How is Your Child Smart?
Growing up, I’m sure you remember being told that you were special in your own way. Now that we’re adults we find ourselves sharing that wisdom with our own children, students, nieces, nephews, and grandchildren. Traditionally, our society has defined intelligence in terms of academic prowess in the areas of reading, writing and mathematics. Students who perform well in these content areas are generally perceived as smart. However, every individual has different strengths and talents. Students who do not excel in mathematics may thrive in music or art class. They too are smart, but in another context. Hence, a new definition of intelligence has emerged. Dr. Howard Gardner, an educational psychologist at Harvard University, has redefined intelligence as the ability to produce a product that is valued in a culture or society. His definition is more inclusive than more traditional definitions because he recognizes the idea that everyone has a talent and can produce something of value.
How is your child smart? There are eight ways of being smart. Everyone possesses all eight intelligences, but some intelligences are more dominant than others. If given the appropriate encouragement, enrichment, and instruction, everyone has the capacity to develop all eight intelligences and to perform in them at a reasonably high level.
If a child is linguistic, he is gifted in the language areas of reading, writing, listening and talking. A child who is logical-mathematical has an unusual ability for problem-solving and mathematical concepts. A spatial child has an ability to see mental images or pictures. A child who is primarily bodily-kinesthetic has a keen sense of body movement and activity. A musical child is gifted at processing rhythmically. A child who is intrapersonal has an extraordinary sense of his own affect. If the child’s most dominant intelligence is interpersonal, then she has the ability to perceive and make distinctions in the moods, intentions, motivations, and feelings of other people. Finally, a child who is a naturalist enjoys being outdoors, understands nature and is capable of identifying flora and fauna.
How do you assess your child’s multiple intelligences? The single best tool is simple observation. How does your child spend his free time? What does he do when no one is telling him what to do? Highly linguistic children gravitate toward books, spatial students toward drawing, bodily-kinesthetic children toward hands-on building activities, social children toward group games. Observing your child in a self-initiated activity can tell volumes about how he learns most effectively. Remember most children have strengths in several areas, so it is wise to avoid pigeonholing a child in one intelligence.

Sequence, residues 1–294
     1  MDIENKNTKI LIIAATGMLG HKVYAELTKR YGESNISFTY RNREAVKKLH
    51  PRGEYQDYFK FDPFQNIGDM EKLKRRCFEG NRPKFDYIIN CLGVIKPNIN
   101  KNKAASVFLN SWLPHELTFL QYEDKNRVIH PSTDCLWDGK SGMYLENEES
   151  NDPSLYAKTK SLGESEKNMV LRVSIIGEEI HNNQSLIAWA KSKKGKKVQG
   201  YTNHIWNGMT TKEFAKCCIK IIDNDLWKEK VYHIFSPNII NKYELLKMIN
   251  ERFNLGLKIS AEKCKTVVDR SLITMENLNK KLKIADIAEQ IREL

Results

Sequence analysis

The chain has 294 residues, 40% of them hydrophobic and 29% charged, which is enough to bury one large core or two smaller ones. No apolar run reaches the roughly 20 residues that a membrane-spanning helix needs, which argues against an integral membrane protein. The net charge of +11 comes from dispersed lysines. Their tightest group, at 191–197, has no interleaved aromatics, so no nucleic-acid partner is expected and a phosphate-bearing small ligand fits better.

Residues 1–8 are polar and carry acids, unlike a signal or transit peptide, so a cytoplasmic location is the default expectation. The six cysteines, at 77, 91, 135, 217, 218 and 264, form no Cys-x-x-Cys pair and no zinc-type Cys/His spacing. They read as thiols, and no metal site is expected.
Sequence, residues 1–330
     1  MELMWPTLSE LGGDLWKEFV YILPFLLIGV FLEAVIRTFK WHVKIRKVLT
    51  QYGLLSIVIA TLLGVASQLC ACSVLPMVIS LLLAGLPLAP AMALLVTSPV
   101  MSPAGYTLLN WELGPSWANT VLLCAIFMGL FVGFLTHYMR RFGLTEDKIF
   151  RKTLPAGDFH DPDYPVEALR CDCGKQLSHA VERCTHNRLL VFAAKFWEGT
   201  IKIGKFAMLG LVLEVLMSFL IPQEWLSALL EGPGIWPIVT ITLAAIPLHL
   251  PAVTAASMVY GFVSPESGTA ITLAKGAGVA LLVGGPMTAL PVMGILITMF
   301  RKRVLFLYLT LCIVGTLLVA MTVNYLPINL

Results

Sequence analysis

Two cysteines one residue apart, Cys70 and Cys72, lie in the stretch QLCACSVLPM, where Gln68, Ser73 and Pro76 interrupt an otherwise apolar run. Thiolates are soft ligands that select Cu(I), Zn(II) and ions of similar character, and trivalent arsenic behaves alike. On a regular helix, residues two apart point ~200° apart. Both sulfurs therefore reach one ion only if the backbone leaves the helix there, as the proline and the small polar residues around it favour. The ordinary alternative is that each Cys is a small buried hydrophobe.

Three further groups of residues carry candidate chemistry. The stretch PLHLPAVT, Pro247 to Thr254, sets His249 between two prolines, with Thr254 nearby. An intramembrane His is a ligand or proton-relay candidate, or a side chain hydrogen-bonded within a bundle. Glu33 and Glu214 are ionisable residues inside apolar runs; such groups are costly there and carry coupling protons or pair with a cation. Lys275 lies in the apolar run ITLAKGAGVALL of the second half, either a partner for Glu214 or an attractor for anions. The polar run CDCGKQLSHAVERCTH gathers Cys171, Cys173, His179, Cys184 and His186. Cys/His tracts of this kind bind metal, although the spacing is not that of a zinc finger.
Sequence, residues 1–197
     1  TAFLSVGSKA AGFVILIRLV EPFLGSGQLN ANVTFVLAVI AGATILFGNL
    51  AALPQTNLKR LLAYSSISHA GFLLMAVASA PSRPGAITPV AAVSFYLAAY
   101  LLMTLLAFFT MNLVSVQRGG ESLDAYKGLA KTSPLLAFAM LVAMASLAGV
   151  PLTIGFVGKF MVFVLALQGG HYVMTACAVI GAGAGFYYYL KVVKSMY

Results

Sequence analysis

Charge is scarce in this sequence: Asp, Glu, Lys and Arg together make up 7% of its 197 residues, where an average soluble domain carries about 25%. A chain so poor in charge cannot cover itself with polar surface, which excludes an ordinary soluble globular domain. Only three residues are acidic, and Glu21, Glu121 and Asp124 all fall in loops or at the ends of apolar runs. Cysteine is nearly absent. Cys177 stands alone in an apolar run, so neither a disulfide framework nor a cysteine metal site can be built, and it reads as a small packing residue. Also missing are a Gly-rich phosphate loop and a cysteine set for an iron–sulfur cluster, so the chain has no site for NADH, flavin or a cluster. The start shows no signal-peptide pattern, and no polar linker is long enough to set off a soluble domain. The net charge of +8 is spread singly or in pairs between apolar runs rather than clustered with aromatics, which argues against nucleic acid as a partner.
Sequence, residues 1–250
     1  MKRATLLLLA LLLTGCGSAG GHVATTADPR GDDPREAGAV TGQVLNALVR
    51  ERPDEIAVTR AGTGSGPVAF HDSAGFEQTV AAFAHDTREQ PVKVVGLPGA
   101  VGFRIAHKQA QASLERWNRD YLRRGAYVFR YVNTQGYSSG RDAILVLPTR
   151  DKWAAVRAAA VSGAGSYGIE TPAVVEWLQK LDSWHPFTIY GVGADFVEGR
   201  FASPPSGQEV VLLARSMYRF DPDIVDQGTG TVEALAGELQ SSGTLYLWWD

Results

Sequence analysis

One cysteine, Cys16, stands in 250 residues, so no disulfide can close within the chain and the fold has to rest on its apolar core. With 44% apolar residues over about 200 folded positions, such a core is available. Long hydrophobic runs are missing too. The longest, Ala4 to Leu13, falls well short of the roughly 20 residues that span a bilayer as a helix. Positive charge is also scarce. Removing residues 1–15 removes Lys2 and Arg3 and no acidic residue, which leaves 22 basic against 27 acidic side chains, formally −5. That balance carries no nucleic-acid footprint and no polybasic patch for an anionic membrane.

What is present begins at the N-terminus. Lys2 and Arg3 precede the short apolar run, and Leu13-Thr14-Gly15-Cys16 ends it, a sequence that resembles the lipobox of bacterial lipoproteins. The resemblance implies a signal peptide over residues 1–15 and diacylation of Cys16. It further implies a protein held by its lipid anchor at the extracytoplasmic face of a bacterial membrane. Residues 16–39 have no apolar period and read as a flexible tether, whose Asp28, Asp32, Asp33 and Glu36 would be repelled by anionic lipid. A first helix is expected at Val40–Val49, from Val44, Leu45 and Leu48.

Is there a correlation between multiple intelligences and discipline? It is wise practice to match different discipline approaches to different kinds of learners. Therefore, the style of discipline you use with your eldest child may not prove effective with your youngest child. Described below are possible discipline methods matched to the eight intelligences.
Linguistic: Talk with the child and tell the child stories that focus on the discipline issue (e.g. "The Boy Who Cried Wolf" for a persistent fibber).
Logical-Mathematical: Have the child quantify and chart the occurrence of negative and/or positive behaviors.
Spatial: Provide the child with a metaphor to use in working with the difficulty (e.g. "If you were an animal, which one would you be?") or have the child draw and/or visualize appropriate behaviors.
Bodily-Kinesthetic: Teach the child to use physical cues to deal with stressful situations (e.g. taking a deep breath, tightening and relaxing muscles).
Musical: Teach the child to "play" her favorite music in her mind when she feels out of control.
Interpersonal: Have the child teach or look after a younger child.
Intrapersonal: Provide self-esteem activities and teach the child to voluntarily go to a "time-out" area to gain control.
Naturalist: Teach the child to take a walk outdoors, listen to the sounds of nature and be at one with the environment when he needs a fresh outlook.
What factors influence intelligence? In multiple intelligence theory, three factors influence intelligence: biological genetics, personal life history and geography or culture. Intelligence is seen as a set of capacities that can and do change throughout the course of one’s life. Perhaps that is why it is essential for teachers and parents to create situations where children enjoy learning. They will see how learning is relevant to their lives and will be more likely to retain and apply that information. The success of our children is our greatest concern. Once the children realize they can learn through their intelligences, they feel they can achieve success. If they can succeed in school, then they can do so in life!
Resources on Multiple Intelligences:
|Sharon Greco is a fifth-grade teacher at Dwight School in Fairfield. She resides in Orange with her husband Mark.|
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